Musical Tapestry: Nightlands' Dave Hartley on Experimenting With Sound

Musical Tapestry: Nightlands' Dave Hartley on Experimenting With Sound
(Photo by Catharine Maloney)

Dave Hartley’s solo project, Nightlands, has always been a place for The War on Drugs bassist to experiment. That continues on his second album, “Oak Island,” released last week under the project’s name and the follow up to 2010’s “Forget the Mantra.” As on that first record, this one sees Hartley – who plays numerous instruments on the new album – creating dense song tapestries filled with baroque instrumentation and warped, layered vocals, resulting in some of the more unique indie pop out so far this year. ARTINFO recently spoke with Hartley about the importance of lyrical directness, his love of collaboration, and how he created the vocals for album highlight “Nico.”

We have three different versions (see below) of that very track: vocals only, instrumentals, and the finished work, so you can get a sense of how Hartley put the beguiling song together.

Was there a specific theme you were exploring with “Oak Island,” or one that you saw come out during the recording process?

I really wanted the lyrics to be direct and universal, and almost classic, in a ’60s kind of way. I was listening to Lee Hazelwood, the Beach Boys, and all these things. The music was so dense that I felt like if the lyrics were too abstract, it would just kind of float away. I was also exploring organic versus synthetic elements. I wanted the vocals to sound robotic, which I achieved through overdubbing like a motherfucker and tape speed manipulation. With the instruments, I played all them, I didn’t loop thing. If there was a drum part I played it all the way through. I thought that would be an interesting contrast between this sort of robotic mass of vocals and this tapestry of acoustic sound with all these things dripping away underneath it.

There are a lot of interesting sounds throughout the album. What was the recording process like?

Basically in the beginning I just track and track and track and track, and later I switch into an editing mode, and I just discard quite a bit. It’s sort of manic, and it’s sort of a form of madness. I always try to make it like a game, and take each song like what would be fun to do to this, what would make it more fun to listen to. I’m never thinking about what I want it to sound like in the end.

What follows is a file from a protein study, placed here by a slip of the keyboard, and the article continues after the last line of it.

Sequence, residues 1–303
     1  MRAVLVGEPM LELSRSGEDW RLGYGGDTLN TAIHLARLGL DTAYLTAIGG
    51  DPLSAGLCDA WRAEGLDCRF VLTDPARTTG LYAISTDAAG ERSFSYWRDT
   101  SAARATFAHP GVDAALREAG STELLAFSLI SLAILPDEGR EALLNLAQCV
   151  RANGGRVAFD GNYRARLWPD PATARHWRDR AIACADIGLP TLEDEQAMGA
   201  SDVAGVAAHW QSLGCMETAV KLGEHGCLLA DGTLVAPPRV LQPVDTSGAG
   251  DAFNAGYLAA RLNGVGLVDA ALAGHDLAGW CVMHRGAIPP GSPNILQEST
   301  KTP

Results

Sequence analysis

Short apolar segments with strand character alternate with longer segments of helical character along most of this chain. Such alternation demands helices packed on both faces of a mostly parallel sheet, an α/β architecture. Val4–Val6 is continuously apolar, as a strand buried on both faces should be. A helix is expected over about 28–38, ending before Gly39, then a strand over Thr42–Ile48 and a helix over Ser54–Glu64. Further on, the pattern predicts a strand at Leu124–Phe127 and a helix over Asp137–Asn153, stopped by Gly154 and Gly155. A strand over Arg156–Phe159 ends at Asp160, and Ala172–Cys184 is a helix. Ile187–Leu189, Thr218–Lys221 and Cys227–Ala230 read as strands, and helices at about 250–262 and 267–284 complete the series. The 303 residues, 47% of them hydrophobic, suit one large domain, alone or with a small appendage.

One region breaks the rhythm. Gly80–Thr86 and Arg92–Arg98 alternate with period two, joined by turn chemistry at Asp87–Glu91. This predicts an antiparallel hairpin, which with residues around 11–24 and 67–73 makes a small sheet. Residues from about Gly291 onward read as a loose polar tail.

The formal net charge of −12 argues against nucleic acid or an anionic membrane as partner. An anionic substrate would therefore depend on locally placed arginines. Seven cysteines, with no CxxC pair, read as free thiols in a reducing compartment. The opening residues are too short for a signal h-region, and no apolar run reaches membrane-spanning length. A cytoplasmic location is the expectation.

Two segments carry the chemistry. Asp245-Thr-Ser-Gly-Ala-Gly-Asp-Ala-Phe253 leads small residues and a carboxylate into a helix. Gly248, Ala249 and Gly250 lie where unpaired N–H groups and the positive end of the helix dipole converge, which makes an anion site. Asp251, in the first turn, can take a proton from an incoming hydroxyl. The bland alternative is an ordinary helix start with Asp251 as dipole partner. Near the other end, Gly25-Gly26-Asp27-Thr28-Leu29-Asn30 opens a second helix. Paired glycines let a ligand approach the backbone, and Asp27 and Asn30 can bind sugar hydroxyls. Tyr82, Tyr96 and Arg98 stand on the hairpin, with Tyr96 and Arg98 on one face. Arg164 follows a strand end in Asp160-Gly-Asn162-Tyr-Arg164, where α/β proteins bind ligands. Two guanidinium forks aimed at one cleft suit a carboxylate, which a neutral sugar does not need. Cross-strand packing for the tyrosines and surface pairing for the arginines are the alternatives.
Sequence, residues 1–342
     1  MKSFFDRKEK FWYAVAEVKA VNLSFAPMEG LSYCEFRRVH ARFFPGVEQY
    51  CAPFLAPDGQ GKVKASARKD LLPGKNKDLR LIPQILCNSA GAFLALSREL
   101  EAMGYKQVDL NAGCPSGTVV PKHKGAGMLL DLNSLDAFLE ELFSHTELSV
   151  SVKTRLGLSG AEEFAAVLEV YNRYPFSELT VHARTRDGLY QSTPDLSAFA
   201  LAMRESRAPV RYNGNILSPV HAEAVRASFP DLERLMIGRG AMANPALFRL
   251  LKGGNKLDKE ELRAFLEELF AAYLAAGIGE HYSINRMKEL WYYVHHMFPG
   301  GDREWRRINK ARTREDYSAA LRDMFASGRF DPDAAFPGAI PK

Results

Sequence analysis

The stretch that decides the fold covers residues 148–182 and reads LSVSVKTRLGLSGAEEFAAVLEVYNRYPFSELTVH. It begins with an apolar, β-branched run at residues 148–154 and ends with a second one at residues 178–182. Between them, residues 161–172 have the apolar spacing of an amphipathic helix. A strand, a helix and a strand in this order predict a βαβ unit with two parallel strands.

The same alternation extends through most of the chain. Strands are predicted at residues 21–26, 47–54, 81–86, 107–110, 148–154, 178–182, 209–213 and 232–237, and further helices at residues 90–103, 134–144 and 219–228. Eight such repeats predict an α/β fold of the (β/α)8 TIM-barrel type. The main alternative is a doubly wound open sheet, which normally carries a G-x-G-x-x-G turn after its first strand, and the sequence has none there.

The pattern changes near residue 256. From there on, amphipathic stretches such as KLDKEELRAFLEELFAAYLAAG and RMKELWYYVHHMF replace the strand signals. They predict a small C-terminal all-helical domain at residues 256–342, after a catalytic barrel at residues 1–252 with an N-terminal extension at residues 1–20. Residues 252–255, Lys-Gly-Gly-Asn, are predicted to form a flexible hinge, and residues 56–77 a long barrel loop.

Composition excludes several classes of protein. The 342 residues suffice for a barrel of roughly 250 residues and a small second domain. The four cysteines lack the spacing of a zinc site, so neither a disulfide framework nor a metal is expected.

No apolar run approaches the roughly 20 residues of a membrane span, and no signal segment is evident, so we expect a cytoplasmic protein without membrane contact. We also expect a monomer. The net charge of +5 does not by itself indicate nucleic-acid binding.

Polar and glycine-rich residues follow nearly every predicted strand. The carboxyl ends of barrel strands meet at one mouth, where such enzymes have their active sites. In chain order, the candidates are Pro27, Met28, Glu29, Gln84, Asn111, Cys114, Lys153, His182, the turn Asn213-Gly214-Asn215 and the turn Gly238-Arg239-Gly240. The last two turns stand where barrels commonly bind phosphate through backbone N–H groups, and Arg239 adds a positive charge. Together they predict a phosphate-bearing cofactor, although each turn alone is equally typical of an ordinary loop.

What about on a song like “Nico,” which sounds really unique, especially compared to a lot of the indie pop that’s out there?

On “Nico,” I don’t know if anyone’s ever done it. I’m sure someone has, but what I did was on the record – and this took days of figuring out how to do this – I sang the note and as I held the note up, I changed the speed of the tape, so that it would warp it up. I kept trying that until I could know exactly what speed to change the tape machine to, to make my voice warped. So when it sounds like I’m singing higher and higher and higher, the tape is slowing more and more. I got pretty experimental with the tape machine.

There’s a density to most of the music on the album, a baroqueness almost, which is missing from much of your collaborative work. Why is this?

It’s a totally different part of my brain I’m using when I’m working on Nightlands and right now, that’s just sort of the aesthetic I’m interested in. Now, I don’t know what will happen on the next record. I’m sure at some point I’ll play around with making really sparse stuff. I guess the main thing is I just don’t want to make music that sounds like other music, if I can avoid it. “Oh, this sounds like some other shit that’s out there.”

As someone who has worked with others for much of their career, do you appreciate being fully in control with Nightlands?

Absolutely. Especially because I’ve been collaborating my whole life. I love collaborating, and it’s fun to be a gear in a machine. I still love it, I never want to stop doing it. But I also love working for a month on one bridge and get crazy with something. This is a thing where I’m going to take it wherever I want, and no one can say a thing. I just feel like I’m getting started and I want to go to extremes, making bizarre music.

Now that you’ve put out two Nightlands albums, has it become more of a focus than a side project?

It doesn’t take more priority but it becomes more viable. Now there’s a body of work, for better or for worse. I don’t see one taking precedence over the other. The War on Drug is very relaxing for me, because I don’t have to call the shots. I just have to play bass, which is something I’ve been doing since I was 12. I love doing that, but it’s not completely fulfilling because I have these other things I want to do. Adam [Granduciel, the band’s frontman] is super supportive. He also has a really intense process, so he needs long periods of time off to work on his stuff. I’m going over to his house tonight and we’re going to record. If Nightlands started selling tons of records, then it could be a problem. Obviously I’ll cross that bridge when I come to it, and it’ll be a welcome bridge to cross. I just don’t see any conflict – they’re mutually beneficial.

"Nico," Album Version



"Nico," Vocals Only Version



"Nico," Instrumental Version